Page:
Outside Wild & Exciting, the folk turned into an almost hit single with a glimmering attitude, Twilight Dreamer is a tribute to the Swan Princess while Ruby is the One is a psychedelic pop version of Led Zeppelin meets the Hunky Dory-era of David Bowie has a lot of energetic power as for You Know the Way, Vivid Shady Land, and 21st Century Snow, one is an acoustical love-song ballad as the other two are very upbeat and catchy and have a lot of high voltage power featuring a lot of beautiful harmonic sounds from the band and midsections going beyond the pop sound into more early Strawbs/Rick Wakeman sound (or more the Time of a Word-era mind-boggling version of Yes). The rapid fire single, Seasons is very much an attempt to write a song for another Dutch prog band to get a hit single, Jade Warrior featuring guitarist of Focus, Jan Akkerman while the 7-minute number, Love Quivers sounded more of a neo-classical heavy metal as Jereny brings her vocal arrangement more of a statement rather than just a drunken rock star as Chris Koerts and his brother Gerard flourishes amazingly on the Hammond Organ and then becoming more of an homage to Mike Rateledge Soft Machine style. The last number, What’s Your Name? is more of their calm after the storm with a memorable atmosphere featuring more of their acoustic upbringing and the folk background similar to the flute styles of the Moody Blues, Ray Thomas.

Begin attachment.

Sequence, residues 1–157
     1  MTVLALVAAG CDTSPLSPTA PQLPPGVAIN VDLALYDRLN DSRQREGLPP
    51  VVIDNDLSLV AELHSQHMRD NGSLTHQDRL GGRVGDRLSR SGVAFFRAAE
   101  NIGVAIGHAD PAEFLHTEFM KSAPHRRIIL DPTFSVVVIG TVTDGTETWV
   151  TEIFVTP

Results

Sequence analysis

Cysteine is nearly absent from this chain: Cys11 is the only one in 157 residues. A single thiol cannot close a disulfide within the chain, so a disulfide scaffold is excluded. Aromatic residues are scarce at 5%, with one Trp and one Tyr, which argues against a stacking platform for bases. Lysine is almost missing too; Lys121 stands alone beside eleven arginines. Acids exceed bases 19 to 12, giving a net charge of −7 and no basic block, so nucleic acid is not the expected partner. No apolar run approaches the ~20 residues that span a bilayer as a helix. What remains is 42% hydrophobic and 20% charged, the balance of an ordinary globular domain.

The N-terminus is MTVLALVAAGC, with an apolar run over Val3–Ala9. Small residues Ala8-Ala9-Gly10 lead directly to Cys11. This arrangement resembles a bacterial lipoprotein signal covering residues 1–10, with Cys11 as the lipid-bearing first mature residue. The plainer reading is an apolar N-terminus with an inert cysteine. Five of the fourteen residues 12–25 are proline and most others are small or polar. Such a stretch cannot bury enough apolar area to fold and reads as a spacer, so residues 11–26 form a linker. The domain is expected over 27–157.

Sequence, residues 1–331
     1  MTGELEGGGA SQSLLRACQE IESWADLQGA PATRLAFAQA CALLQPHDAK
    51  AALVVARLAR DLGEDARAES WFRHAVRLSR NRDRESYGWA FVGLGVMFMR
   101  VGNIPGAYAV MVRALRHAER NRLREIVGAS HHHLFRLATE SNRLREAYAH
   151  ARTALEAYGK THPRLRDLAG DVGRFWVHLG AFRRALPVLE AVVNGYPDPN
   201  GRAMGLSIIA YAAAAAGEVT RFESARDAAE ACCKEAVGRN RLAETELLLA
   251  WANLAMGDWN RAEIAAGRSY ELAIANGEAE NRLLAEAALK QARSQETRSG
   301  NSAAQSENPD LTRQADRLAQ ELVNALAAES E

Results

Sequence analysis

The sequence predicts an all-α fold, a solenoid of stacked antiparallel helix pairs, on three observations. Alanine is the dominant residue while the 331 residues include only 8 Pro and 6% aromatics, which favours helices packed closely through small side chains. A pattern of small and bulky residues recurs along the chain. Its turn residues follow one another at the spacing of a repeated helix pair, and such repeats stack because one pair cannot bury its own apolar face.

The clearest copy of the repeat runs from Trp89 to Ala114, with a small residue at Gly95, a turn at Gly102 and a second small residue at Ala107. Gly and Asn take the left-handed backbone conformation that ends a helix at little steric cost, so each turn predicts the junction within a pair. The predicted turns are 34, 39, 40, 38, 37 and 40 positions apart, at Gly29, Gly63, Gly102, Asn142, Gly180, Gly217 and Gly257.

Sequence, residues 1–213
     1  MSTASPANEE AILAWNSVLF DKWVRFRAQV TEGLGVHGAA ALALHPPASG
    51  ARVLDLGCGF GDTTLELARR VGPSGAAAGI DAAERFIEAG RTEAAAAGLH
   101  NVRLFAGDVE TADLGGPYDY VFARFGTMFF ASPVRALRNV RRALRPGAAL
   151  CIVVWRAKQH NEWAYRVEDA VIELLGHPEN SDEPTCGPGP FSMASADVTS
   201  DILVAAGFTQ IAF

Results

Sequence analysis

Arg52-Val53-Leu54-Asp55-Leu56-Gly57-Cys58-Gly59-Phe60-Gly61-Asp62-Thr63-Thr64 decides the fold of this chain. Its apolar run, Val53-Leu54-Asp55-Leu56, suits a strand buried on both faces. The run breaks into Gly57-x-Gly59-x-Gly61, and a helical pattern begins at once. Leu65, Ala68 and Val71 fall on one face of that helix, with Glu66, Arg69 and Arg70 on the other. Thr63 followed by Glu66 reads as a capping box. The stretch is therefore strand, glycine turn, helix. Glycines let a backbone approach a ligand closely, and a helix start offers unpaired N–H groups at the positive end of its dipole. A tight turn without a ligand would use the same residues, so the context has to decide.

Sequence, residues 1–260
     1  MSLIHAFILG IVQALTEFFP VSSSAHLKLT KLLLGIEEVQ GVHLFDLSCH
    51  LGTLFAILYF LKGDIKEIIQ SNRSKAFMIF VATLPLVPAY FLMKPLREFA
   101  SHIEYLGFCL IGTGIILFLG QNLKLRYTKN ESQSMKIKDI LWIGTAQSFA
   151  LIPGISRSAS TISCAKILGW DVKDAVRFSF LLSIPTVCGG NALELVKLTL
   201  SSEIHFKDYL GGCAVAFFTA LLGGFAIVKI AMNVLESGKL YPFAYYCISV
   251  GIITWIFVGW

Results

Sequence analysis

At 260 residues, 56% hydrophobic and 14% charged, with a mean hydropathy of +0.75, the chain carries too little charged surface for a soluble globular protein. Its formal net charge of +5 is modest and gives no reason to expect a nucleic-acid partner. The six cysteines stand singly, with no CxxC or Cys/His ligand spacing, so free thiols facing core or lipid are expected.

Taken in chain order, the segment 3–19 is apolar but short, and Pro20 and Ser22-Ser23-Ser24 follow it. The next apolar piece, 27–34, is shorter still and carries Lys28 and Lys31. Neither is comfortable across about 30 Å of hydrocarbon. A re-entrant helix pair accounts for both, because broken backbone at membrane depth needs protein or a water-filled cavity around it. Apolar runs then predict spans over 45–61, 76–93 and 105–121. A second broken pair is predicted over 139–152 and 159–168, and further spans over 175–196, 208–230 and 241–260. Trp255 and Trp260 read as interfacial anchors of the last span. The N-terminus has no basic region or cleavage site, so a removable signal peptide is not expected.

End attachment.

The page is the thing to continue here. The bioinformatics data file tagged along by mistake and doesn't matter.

Bonus tracks include two of their B-Side singles, Hazy Paradise and Mechanical Lover – it’s very much one light-hearted and the other an early twisted version of the Steve Perry-era of the Infinity-era of Journey.